The danger of the singularity comes from the risk that we may stop being human altogether. Could there come a point in the far-flung future where technology really does advance to such a point that we cannot imagine the consequences? Or is it just something in the fevered dreams of technophobes?

Artificial Intelligence


Professor Stephen Hawking, Bill Gates, Elon Musk, Clive Sinclair, many top minds are now warning of the future dangers which uncontrolled advances in AI could bring. With Musk claiming it could be “potentially more dangerous than nukes“.

Part of the reason people don’t take the threat from AI seriously is the number of times it has been showcased in fiction. Movies such as Terminator have made this threat appear as worrisome as aliens invading.

Yet every year huge advancements in the field are made, and without careful controls in place, the chance of creating a super intelligent AI will increase as time progresses. If this happens, not only may it consider humans a lower form of life and therefore expendable, but it may even create more AI’s, making the human race obsolete.

Adjustable gastric band feasible for treatment of type 2 diabetes, obesity

Patients with type 2 diabetes and obesity achieved similar 1-year benefits on diabetes control, cardiometabolic risk and patient satisfaction when undergoing laparoscopic adjustable gastric band or an intensive diabetes medical and weight management program, according to recent research.

Allison B. Goldfine, MD, head of Joslin Diabetes Center section of clinical research and associate professor of medicine at Harvard Medical School, and colleagues conducted a 12-month prospective, randomized clinical trial to evaluate the effects of laparoscopic adjustable gastric band (LAGB; n=18) and an intensive diabetes medical and weight management program (IMWM; n = 22). Participants were aged 21 to 65 years, had a BMI of 30 to 45 kg/m2, a diagnosis of type 2 diabetes more than 1 year before the study period and HbA1c of 6.5% or more on anti-hyperglycemic medications.

Allison B. Goldfine

Allison B. Goldfine

A similar proportion of participants in the LAGB group achieved HbA1c less than 6.5% and fasting plasma glucose level below 7 mmol/L (33%) at 12 months compared with the IMWM group (23%; P = .457). The LAGB group revealed greater weight loss over 12 months (-13.5 kg) compared with the IMWM group (-8.5 kg). However, changes in fat free mass (P = .617) and decreases in waist circumference (P = .856) were similar between the groups.

Over the 12-month period, reductions in HbA1c were similar between the groups at -1.23% for the LAGB group and -0.95% for the IMWM group. The groups also had similar reductions in fasting glucose (P = .975).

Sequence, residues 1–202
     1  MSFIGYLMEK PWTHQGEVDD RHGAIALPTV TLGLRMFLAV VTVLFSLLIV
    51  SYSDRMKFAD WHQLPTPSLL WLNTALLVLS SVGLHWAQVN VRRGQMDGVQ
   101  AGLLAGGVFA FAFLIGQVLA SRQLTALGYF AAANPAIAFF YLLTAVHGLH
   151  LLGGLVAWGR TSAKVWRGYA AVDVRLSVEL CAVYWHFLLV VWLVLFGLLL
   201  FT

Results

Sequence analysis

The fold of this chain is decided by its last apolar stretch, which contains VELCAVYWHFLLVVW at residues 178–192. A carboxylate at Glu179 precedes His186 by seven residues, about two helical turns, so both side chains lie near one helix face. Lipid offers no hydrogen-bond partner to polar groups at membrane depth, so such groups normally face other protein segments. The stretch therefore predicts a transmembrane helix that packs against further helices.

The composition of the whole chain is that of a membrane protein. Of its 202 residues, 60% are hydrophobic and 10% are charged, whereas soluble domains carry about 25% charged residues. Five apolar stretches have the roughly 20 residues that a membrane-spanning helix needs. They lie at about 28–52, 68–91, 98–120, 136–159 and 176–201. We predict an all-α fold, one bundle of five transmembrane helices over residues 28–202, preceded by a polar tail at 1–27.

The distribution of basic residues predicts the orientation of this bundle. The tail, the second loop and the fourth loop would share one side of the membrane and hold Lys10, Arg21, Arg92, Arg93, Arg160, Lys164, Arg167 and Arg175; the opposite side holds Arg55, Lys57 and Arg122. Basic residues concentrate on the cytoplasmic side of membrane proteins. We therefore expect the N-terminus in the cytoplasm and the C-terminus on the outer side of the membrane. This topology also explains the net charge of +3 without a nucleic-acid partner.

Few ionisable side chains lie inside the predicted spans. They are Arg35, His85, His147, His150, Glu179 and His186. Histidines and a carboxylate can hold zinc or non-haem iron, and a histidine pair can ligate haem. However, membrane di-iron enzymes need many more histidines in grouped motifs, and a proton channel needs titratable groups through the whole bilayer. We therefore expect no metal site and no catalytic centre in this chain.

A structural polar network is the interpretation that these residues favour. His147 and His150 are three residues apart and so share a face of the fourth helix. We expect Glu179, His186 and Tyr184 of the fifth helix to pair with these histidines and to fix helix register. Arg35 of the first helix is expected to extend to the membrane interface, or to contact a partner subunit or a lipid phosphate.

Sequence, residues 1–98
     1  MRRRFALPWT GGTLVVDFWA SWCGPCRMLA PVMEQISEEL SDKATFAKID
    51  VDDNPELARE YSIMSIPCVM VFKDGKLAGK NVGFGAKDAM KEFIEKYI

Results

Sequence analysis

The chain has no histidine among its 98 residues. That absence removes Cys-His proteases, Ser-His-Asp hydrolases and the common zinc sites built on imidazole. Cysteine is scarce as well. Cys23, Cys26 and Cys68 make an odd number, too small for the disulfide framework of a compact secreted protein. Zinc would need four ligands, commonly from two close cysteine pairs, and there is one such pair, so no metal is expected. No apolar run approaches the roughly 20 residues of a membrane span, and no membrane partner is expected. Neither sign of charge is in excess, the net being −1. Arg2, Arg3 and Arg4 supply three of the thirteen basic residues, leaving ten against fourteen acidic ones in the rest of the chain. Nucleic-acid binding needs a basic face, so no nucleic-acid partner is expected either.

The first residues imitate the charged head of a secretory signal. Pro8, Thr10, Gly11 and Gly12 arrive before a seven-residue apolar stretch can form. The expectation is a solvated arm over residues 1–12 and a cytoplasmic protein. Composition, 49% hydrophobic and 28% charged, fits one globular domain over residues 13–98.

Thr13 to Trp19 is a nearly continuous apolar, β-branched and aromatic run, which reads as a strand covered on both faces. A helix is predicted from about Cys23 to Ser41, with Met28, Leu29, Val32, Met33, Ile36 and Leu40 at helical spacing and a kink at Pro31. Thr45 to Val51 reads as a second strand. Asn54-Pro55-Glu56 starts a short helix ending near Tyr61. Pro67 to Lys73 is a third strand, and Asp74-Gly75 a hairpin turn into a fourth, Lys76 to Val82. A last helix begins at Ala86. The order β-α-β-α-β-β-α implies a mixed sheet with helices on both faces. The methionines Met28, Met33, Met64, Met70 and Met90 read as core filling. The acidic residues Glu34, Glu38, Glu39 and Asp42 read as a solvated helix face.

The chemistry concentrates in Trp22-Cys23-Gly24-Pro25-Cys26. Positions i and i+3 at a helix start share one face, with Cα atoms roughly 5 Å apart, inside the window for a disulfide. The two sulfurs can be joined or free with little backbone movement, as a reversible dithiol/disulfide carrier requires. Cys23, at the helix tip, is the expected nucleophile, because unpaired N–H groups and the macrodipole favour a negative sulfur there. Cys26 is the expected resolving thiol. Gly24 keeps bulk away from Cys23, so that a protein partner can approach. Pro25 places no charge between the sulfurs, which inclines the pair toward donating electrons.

The IMWM group had greater reductions in systolic blood pressure from baseline compared with the LAGB group (P = .038). However, no difference was found for change in diastolic BP, total cholesterol, triglycerides, HDL-cholesterol or LDL-cholesterol at 12 months. More participants in the LAGB group achieved LDL-cholesterol levels below 2.59 mmol/L following LAGB (83%) compared with the IMWM group (45%; P = .019).

Researchers used the United Kingdom Prospective Diabetes Study risk engine to determine changes in cardiometabolic risk scores for coronary heart disease, fatal CHD, stroke and fatal stroke, and the scores were similar between the groups 12 months following LAGB and IMWM.

“We can anticipate long-term health benefits from both of these approaches, but they do require different investment of time and energy by the patient and over the short-term our studies show metabolic outcomes are similar in patients comparable to those in our study,” Goldfine told Endocrine Today. “It is important to have different therapeutic options available for patients with a complex disease like type 2 diabetes.” – by Amber Cox

Does Artificial Food Coloring Contribute to ADHD in Children?

Kraft Macaroni & Cheese—that favorite food of kids, packaged in the nostalgic blue box—will soon be free of yellow dye. Kraftannounced Monday that it will remove artificial food coloring, notably Yellow No. 5 and Yellow No. 6 dyes, from its iconic product by January 2016. Instead, the pasta will maintain its bright yellow color by using natural ingredients: paprika, turmeric and annatto (the latter of which is derived from achiote tree seeds).

A gooey bowl of birght yellow Kraft Macaroni & Cheese

The company said it decided to pull the dyes in response to growing consumer pressure for more natural foods. But claims that the dyes may be linked to attention-deficit hyperactivity disorder (ADHD) in children have also risen recently, as they did years ago, putting food dyes under sharp focus once again. On its Web site Kraft says synthetic colors are not harmful, and that their motivation to remove them is because consumers want more foods with no artificial colors.